I'll have pictures up in the next few days...

    But...

    The rig has a 24" extension with a single large center well. Using Cotton DJ 1 3/4" hose in 50' lengths a very tightly rolled donut roll doesn't fit past the protrusion of the lower portion of the elaborate grill on the Velocity/Impel cabs. We could turn the rolls sideways and slide them into place under the well, but then the grill holds everything down tight, so that your working against a lot more resistance then typically required. I guess if we bought thinner more workable hose it might work a lot better, but hey, we work with what low bid gets us.

    This forced us to find a better option, because there's nothing worse then packing a flat load in a hose well. So, we came up with a modified horseshoe standing up, and it works really really well. Not as easy to pack as dropping 3 rolls in the well, but with practice it's coming along real quick.
    FTM-PTB DTRT

    Everything I state on here is to support and aid my fellow firefighters. Everything I post is my opinion only, and in no way should be taken as an official opinion of any Company, Department, or Municipality I represent... oh and this includes Pierce Mfg, as so their legal department has advised me; since they apparently also invented the right to control "Free Speech".

  14. #34
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    Here are some in production photos of our tower at Pierce - Velocity cab . After some discussion they were able to fit the well in on the outside of the frame rails - this is where we preferred it. The truck has a 22" extension, hose is 50' rolls of 1 3/4" Neidner Ultra 2000. As you can see there is some additional room for a fifth length . Currently considering a single length of 2 1/2" or 3" to a wye then out to eh 200 feet of 1 3/4"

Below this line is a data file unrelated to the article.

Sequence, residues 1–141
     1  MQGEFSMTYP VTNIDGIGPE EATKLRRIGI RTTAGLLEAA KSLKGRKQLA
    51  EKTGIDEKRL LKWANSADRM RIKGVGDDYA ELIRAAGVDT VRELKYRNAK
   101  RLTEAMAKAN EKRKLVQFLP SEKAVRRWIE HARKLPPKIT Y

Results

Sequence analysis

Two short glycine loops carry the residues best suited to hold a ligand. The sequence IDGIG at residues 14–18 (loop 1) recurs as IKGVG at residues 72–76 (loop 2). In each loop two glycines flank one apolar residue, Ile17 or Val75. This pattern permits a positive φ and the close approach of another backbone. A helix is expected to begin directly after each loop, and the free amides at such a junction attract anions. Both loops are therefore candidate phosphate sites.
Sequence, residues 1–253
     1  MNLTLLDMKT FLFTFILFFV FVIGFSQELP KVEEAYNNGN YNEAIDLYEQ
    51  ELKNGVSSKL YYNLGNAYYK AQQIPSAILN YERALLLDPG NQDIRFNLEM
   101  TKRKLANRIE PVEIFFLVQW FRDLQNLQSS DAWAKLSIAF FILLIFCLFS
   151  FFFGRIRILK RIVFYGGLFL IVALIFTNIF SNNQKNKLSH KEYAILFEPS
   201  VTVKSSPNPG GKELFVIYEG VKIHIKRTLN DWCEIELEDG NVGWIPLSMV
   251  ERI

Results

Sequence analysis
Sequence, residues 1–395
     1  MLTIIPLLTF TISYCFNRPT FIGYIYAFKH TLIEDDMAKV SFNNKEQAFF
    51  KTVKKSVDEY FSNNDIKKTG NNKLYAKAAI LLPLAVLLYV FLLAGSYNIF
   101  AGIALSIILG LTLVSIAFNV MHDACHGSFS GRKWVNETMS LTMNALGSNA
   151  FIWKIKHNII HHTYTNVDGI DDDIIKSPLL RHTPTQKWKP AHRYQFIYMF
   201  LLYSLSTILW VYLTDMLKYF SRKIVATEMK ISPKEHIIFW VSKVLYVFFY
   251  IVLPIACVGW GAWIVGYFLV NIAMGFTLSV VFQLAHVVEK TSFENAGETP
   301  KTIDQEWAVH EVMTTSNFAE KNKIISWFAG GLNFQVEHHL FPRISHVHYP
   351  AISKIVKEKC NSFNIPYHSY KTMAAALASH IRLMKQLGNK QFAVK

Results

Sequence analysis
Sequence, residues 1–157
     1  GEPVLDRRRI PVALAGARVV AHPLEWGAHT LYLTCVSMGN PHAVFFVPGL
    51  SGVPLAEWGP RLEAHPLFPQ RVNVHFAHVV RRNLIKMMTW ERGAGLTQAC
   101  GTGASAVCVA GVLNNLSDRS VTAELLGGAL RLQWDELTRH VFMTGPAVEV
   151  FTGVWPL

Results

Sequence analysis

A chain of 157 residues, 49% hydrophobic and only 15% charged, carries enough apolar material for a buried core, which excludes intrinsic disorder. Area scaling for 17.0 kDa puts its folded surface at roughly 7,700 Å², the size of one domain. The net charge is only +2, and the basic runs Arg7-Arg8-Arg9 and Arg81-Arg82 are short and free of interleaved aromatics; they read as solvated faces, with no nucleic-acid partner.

Attached Images Attached Images  

  15. #35
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    I guess I just don't see major advantages to the bumper donut roll load. Other than rapidly being able to reload it, but then again it only takes roughly 5 minutes to reload our bumper crosslays. Not saying that HEY! if it works for you that you shouldn't do it, just here good old fashioned crosslays, including those in the bumper of our newest engine work fine for us.

    I would love to post a picture of this. But the idiotic attachment setting here will not let you post a picture more than one time anywhere on this site. I even tried renaming it. If anyone knows how to circumvent this, PLEASE let me know. It is rather infuriating.
    Crazy, but that's how it goes
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  16. #36
    Forum Member FIREMECH1's Avatar
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    Quote Originally Posted by FyredUp View Post
    If anyone knows how to circumvent this, PLEASE let me know. It is rather infuriating.
    Check your messages.

    FM1
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  17. #37
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    Lightbulb More than re-loading, the deployment kicks Azz!

    Quote Originally Posted by FyredUp View Post
    I guess I just don't see major advantages to the bumper donut roll load. Other than rapidly being able to reload it, but then again it only takes roughly 5 minutes to reload our bumper crosslays.
    The rapid DEPLOYMENT is actually the primary benefit. Reloading is a nice aside, that most of us really don't need to worry about anyway.